Attrition: December 19, 2004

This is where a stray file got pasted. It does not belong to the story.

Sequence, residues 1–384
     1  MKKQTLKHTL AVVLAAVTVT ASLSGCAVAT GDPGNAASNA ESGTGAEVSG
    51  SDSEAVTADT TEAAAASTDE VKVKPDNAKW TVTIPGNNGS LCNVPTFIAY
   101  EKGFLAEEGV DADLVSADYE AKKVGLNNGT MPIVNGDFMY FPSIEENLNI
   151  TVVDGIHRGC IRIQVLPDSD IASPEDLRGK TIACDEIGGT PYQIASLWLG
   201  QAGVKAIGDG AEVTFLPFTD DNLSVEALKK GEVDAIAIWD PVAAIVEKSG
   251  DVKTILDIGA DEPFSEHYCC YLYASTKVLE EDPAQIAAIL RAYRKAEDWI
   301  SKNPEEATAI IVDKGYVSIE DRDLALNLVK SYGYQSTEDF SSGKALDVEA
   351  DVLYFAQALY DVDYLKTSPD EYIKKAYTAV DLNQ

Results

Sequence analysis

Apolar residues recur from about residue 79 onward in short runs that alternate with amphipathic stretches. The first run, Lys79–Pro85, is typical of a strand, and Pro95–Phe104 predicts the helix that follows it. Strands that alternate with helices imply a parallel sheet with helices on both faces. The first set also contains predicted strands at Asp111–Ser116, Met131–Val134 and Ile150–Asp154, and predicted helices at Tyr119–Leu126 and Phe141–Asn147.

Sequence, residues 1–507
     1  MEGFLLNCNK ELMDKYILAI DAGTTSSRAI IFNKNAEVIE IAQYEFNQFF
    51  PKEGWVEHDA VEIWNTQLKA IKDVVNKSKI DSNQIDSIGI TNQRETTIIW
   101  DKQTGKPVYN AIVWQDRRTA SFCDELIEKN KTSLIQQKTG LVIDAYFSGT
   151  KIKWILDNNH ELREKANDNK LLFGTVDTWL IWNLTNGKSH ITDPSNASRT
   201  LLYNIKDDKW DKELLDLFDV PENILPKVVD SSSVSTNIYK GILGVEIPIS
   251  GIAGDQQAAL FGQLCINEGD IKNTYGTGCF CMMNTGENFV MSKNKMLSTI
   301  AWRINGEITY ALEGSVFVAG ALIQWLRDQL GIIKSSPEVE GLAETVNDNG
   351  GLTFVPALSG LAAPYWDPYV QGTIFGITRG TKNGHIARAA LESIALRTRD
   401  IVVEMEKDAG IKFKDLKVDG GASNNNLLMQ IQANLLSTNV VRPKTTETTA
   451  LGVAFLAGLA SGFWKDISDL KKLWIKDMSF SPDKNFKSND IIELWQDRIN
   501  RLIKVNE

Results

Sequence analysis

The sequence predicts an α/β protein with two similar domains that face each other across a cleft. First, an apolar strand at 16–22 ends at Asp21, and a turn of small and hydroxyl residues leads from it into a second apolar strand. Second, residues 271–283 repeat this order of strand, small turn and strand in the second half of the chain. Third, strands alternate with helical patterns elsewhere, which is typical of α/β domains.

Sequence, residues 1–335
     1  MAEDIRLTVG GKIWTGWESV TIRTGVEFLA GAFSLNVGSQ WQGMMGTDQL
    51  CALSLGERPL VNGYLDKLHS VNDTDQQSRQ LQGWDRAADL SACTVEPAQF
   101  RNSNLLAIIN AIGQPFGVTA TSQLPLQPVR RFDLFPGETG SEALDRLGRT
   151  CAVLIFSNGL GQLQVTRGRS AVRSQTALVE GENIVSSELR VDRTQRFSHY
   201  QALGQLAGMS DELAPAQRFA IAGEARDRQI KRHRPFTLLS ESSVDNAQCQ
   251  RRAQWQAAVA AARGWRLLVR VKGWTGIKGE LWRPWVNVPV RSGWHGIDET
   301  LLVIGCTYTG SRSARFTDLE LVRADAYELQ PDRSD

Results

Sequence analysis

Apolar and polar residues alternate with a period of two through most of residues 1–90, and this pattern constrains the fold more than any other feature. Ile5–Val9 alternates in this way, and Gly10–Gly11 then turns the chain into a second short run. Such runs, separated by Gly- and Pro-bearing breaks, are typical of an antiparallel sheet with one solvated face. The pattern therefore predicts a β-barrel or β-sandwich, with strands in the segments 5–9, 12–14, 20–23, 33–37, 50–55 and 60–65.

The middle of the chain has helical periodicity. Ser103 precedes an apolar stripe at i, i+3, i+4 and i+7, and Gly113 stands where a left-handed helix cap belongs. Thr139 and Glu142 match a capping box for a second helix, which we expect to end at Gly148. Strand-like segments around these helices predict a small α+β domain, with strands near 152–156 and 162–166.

: The U.S. Army National Guard, a reserve force that belongs to state governments in peacetime, is the only portion of the American armed forces to suffer recruiting problems because of the war in Iraq and Afghanistan. Last year, the National Guard planned to recruit 7,900 men and women who had just finished their active duty service. But they only got 2,900. Recently discharged soldiers have long been a major source (about 60 percent) of new people for the National Guard. These troops are already trained, and are attracted to maintaining their military skills, and getting 5-6 weeks of their military pay each year for part time service. In addition there are fringe benefits like college tuition payments and bonuses for some job specialties. Normally, Army National Guard units are only called up for local emergencies. This appeals to the National Guard troops, who tend to be public spirited in the first place. But the prospect of getting mobilized for 18 months of active duty every 4-5 years is less appealing. So last year the strength of the Army National Guard fell from 350,000 to 343,000. To address the problem, the National Guard is increasing its staff of full time recruiters from 2,700 to 4,300. The National Guard is making the most of so many of its troops being called to active duty by going after young men and women who see that as a plus. There are many who like the idea of military service, but dont want to do three or more years full time. You can join the National Guard for 3-6 years, and expect to spend most of that time on part time duty. The fringe benefits are also being increased, with more health care and bonuses.


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